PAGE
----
For any membership organization, raising nondues revenue is a must. Here are a few creative ways to do it. Also: what the architectural design of legislative assemblies reveals about governments.
Membership dues are an important part of your revenue stream. But a recent report from the ASAE Foundation showed a dramatic drop in average revenue from professional association dues over the past several decades. So how else can you generate income for your organization?
AssociationWork shares several ways you may be able to diversify your association’s revenue sources. You may already be using paid sponsorships for webinars and conferences, but what about your printed materials like brochures and fliers? Do you have a sponsor for professional development courses?
“Nearly everything can be sponsored, and sponsorships are an absolute necessity for association nondues revenue,” says AssociationWork writer Jesse Breaux.
Also consider whether your professional development offerings are keeping up with the times. Companies like HubSpot and LinkedIn are entering the online educational arena, providing stiff competition.
“For-profits are cashing in on web-learning platforms, and you need to act soon if online learning isn’t already on your radar within the next year,” warns Breaux.
How do seating arrangements affect a country’s political culture?
Two Dutch architects, Max Cohen de Lara and David Mulder van der Vegt, researched this question by examining the architectural structure of the legislative assembly spaces of U.N. member states. They came to some interesting conclusions, which they shared with The Washington Post.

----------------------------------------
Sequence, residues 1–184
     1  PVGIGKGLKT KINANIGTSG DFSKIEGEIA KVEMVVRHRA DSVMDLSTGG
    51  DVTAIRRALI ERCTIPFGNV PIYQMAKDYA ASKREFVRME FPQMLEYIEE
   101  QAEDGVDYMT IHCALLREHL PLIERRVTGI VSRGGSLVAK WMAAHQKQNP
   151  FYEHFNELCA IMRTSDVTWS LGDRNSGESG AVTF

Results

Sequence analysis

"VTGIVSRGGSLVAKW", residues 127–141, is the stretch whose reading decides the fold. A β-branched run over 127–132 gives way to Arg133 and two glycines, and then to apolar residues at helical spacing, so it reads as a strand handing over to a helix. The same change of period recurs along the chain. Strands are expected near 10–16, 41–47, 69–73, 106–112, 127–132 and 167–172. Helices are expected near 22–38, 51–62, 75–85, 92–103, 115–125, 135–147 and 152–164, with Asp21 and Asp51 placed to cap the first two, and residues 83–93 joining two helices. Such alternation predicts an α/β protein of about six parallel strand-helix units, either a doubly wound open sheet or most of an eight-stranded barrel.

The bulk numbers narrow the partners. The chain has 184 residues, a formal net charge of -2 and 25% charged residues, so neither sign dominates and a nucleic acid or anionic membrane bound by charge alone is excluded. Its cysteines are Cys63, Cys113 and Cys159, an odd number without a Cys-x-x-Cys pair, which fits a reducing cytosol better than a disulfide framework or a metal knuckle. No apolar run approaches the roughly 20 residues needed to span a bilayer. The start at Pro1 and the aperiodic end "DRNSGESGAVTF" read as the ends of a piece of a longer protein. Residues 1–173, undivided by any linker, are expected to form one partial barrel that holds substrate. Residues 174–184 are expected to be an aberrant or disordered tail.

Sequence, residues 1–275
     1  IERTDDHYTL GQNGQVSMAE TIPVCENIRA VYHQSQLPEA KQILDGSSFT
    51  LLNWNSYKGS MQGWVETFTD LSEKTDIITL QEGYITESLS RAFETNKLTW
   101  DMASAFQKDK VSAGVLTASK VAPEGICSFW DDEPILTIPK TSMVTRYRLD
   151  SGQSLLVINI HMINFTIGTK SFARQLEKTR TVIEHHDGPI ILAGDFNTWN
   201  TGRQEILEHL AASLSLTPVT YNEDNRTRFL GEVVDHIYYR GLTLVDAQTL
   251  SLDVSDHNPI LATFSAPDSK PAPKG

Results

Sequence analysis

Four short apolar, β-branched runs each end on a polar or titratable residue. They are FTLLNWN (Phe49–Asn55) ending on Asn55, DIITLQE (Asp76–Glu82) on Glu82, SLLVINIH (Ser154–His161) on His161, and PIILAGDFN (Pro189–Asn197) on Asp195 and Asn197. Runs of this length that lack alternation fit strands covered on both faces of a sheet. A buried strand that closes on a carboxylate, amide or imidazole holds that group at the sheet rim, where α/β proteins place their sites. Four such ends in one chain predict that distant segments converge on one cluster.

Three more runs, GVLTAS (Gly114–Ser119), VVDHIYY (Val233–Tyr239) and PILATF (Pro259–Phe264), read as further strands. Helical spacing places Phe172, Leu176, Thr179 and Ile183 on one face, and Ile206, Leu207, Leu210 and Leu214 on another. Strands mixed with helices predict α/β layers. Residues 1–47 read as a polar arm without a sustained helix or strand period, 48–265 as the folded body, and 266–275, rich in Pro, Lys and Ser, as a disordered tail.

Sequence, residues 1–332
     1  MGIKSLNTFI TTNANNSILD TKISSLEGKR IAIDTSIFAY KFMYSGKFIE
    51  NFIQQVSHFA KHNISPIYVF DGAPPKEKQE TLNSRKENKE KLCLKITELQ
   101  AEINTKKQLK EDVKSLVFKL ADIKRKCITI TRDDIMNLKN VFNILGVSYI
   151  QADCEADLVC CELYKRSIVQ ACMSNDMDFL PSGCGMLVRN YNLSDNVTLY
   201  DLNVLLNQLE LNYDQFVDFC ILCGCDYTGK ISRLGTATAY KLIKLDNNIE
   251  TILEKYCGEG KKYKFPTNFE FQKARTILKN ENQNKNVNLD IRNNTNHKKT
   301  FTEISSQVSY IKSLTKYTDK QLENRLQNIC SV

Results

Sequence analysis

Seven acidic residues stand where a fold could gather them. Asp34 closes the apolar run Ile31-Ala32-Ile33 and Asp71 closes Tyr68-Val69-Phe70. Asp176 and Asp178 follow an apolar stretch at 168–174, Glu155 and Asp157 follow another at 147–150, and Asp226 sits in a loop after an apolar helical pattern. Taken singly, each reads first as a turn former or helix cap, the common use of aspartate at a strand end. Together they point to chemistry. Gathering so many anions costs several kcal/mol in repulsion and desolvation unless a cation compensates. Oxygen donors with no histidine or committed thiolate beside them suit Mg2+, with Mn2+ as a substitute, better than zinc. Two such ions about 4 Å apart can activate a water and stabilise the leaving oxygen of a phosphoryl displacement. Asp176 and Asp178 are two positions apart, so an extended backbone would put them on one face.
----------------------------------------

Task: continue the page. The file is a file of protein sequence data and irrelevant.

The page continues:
They say legislative chambers fall into five different categories. For example, in the U.K. Parliament, two sets of opposing benches face each other directly, which fosters a combative environment.
“The setting of two sides that confront each other provokes a more heated debate than the single body that is created in the semicircular setting of most continental parliaments,” the architects write.
Another version is the classroom setup, where lawmakers sit in rows in front of a speaker. This seating arrangement is used in less democratic countries, including Russia, North Korea, and China.
Other links of note
Get the most out of meetings. Adrian Segar from Conferences That Work says to hold meetings deliberately to get more done.
Measuring value. SocialFish reveals how online communities provide significant business benefits to organizations.
Thinking about using Facebook Live? Check out these helpful tips from HootSuite before you do.